Toy Zeppelins

Toy Zeppelins were a part of the new century of aviation and although conceived earlier was held back due to problems with steering the huge airships. Count Ferdinand Von Zeppelin was the first to design and put into practical use. spending a year observing the American Civil war he had his first experience with lighter than air crafts as large balloons were being used as observation platforms at that time.

After his retirement and at the age of 52 he began to design and build his own lighter than air crafts. He had moved from the conventional lighter than air design by utilizing a rigid air frame covered with a soft material. The first craft was the LZ-1 or Luftschiff Zeppelin One. The machine was 416 feet long and had a frame of aluminum and powered by two 16 horsepower Daimler engines. In July 1900 the ZL-1 flew for 18 minutes but had to land due to some technical problems.

He went on to develop the craft into a commercial success of sorts founding the German airship transport company. the company carried over 34,000 passengers between 1911 and 1914. Although he had designed the aircraft for military use it had already found its way into the imagination of the general public.

There were many well known zeppelins of the era both German and American including the Hindenberg, The Los Angeles, The Shenandoah, the Graf Zeppelin, the Akron and the Macon, US navy zeppelins. Since the real ships generated so much excitement the toy companies in Germany and the US soon were turnig out many different types of zeppelins including tin and cast iron models and even one that actually flew by chemical reaction made by The Maerklin Company.

In Germany The Lehman Company made their E.P.L with the name Lehman printed in large letters on the bottom of the toy along with clockworks to turn the metal airscrews. They also produced a inexpensive clockwork sheet metal dirigible carrying the name "Los Angeles".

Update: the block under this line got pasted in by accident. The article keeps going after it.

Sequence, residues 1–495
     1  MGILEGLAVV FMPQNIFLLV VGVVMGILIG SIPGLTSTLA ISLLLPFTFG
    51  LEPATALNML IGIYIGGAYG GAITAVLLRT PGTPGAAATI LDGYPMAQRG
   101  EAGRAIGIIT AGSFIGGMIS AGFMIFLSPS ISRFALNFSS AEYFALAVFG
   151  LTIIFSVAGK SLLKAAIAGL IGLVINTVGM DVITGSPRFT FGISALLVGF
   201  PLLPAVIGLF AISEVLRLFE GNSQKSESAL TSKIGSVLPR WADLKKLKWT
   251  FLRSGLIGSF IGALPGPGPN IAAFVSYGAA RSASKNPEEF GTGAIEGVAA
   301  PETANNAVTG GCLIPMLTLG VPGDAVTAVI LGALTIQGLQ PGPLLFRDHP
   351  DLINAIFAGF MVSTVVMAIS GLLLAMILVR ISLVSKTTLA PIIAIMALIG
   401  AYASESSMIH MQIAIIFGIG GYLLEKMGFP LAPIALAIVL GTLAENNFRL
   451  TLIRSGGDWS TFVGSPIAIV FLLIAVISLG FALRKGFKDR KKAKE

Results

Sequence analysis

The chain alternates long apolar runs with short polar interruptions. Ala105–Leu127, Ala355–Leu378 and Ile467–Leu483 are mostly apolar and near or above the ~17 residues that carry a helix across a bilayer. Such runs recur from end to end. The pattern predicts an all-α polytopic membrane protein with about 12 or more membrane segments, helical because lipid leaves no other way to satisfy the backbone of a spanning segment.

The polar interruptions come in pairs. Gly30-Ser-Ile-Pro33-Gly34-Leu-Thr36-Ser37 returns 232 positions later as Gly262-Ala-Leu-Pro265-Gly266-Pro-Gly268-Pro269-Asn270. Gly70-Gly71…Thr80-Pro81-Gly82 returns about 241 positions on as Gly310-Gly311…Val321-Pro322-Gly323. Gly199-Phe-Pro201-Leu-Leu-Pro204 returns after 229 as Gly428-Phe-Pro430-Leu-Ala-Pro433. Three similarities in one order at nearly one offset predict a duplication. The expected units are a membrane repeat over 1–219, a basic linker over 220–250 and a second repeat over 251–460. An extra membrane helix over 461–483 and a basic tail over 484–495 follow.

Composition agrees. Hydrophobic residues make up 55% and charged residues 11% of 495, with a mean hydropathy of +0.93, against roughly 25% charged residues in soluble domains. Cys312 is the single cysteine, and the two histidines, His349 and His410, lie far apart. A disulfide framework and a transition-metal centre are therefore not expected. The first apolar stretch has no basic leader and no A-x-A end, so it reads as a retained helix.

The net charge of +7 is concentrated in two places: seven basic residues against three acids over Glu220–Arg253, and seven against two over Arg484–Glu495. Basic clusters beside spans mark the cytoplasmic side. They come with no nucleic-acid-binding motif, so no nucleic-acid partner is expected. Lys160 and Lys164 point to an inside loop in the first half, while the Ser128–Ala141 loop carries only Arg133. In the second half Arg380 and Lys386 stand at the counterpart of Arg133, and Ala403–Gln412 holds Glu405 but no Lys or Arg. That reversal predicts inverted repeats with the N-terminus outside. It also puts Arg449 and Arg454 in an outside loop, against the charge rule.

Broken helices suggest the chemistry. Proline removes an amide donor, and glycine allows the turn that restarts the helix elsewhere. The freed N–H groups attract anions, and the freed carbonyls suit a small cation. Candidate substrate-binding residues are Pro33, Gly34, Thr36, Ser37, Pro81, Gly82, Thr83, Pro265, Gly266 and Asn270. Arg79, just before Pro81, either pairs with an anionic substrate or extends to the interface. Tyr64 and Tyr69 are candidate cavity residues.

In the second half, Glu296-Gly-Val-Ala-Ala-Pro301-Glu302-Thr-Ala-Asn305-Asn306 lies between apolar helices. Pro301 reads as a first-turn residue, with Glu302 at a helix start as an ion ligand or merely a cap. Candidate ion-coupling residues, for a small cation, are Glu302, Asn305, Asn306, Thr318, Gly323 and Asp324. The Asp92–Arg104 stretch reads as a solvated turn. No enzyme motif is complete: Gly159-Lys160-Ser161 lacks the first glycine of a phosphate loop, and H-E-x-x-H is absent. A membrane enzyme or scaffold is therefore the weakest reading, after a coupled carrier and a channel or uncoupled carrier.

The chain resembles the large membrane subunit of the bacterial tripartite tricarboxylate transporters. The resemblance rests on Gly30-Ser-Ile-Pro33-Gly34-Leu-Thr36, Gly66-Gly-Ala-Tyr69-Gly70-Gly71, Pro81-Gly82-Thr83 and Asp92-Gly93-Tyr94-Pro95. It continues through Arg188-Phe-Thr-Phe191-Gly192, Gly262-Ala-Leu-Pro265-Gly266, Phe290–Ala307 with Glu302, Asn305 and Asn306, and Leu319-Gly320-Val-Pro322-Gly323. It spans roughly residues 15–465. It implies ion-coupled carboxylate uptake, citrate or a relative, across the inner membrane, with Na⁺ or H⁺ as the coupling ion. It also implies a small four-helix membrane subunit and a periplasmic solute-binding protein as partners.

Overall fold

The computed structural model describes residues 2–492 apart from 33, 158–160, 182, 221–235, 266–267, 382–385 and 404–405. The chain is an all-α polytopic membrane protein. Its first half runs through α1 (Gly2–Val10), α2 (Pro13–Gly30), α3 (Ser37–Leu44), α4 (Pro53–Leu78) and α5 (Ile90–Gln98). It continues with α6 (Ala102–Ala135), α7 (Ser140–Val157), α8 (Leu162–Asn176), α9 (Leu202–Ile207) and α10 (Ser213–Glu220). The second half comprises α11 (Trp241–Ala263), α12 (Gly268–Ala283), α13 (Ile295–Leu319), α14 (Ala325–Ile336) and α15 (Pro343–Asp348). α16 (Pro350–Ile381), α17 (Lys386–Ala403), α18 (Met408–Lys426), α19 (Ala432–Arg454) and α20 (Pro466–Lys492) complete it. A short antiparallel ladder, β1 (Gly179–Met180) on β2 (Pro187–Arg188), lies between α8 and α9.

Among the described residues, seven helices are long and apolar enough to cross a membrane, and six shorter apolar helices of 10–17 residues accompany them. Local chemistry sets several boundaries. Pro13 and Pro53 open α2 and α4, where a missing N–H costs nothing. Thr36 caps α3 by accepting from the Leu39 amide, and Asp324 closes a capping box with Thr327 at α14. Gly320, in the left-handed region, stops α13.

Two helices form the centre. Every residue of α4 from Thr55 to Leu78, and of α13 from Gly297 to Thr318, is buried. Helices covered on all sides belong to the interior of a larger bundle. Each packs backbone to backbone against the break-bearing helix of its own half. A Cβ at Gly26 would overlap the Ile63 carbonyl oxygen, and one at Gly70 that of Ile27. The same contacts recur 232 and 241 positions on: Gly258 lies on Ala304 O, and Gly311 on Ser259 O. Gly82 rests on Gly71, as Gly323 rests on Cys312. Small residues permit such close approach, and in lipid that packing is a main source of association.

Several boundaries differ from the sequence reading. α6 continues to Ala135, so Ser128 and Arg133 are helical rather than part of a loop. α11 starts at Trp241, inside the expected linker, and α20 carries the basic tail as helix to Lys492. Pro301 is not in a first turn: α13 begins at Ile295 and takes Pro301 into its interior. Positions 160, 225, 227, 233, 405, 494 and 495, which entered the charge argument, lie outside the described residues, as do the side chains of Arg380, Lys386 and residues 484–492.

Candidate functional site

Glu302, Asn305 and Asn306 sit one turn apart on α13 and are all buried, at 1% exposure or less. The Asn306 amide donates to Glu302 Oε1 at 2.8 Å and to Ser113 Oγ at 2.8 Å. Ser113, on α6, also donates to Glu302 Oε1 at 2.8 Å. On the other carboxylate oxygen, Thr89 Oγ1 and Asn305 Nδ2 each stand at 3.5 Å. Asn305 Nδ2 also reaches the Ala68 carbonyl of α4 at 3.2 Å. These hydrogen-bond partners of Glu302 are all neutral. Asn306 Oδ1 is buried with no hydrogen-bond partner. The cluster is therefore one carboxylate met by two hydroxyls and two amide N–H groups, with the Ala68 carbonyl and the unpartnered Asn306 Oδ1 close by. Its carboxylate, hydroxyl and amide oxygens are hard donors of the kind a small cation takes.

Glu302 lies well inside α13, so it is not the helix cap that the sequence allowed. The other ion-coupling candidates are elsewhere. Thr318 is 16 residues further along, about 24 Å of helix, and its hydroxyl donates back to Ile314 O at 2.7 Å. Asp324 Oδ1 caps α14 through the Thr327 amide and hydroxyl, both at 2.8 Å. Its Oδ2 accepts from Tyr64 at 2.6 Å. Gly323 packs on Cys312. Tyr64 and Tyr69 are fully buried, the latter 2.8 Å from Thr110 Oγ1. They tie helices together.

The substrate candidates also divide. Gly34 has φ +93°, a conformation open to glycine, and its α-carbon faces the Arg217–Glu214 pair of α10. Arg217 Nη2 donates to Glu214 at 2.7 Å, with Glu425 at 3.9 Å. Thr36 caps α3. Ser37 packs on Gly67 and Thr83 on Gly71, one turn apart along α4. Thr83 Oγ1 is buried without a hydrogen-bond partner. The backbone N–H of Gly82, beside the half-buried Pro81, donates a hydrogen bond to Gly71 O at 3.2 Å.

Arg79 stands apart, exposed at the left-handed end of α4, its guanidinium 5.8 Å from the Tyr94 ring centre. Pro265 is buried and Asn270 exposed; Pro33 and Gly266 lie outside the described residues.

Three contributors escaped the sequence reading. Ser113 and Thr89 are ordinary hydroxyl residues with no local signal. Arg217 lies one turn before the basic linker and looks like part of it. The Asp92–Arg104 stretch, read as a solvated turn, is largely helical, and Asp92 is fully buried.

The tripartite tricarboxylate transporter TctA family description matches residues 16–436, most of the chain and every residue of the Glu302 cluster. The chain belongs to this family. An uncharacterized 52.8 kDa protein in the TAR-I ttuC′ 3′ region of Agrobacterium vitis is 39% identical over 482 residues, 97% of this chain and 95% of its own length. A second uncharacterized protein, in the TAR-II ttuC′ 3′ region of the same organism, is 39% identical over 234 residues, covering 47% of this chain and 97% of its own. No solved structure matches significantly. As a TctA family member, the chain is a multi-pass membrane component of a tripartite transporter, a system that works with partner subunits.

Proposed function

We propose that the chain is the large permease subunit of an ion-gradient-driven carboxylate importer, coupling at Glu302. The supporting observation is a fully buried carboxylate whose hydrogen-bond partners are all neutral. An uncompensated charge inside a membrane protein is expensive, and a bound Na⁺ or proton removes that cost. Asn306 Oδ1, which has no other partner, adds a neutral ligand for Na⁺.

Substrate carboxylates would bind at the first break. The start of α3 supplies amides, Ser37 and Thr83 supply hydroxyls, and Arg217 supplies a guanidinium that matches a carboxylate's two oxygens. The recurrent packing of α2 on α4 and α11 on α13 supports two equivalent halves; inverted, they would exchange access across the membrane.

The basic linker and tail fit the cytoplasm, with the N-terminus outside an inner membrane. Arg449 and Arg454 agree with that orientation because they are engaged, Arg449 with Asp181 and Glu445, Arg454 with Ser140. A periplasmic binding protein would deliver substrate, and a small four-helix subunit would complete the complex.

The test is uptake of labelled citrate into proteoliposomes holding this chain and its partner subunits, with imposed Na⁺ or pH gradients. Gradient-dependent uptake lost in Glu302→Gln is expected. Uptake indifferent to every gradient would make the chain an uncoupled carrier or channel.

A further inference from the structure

In the US The Keystone Novelty Company made a derigible more than two feet long, large enough for a small child to ride and modeled after the Graf Zeppelin. Other companies made even more realistic zeppelins such as the Marx Company which produced a zeppelin over 28 inches long designed to be pulled by a child. All metal lithographed silver and red with the propellers operating by a connection to the three wheels on the toy turning the propellers as the toy was pulled.

Even more complex zeppelin toys were the steel building sets from the A. C. Gilbert Company, a 500 piece set with instructions explaining how to build the Los Angeles, the Graf Zeppelins and others. The N. Shure Company also produced a similar toy set in 1929. Cheaper small cast iron models were also made and were to be pulled around by a string.

Zeppelins were not only produced for the children of the era but also for the adults in the forms of glass pieces, ashtrays, and other novelty items to be displayed around the house including candy containers. Today the older tin and cast iron toys are in demand and usually if in good condition will bring good money on the online auctions.
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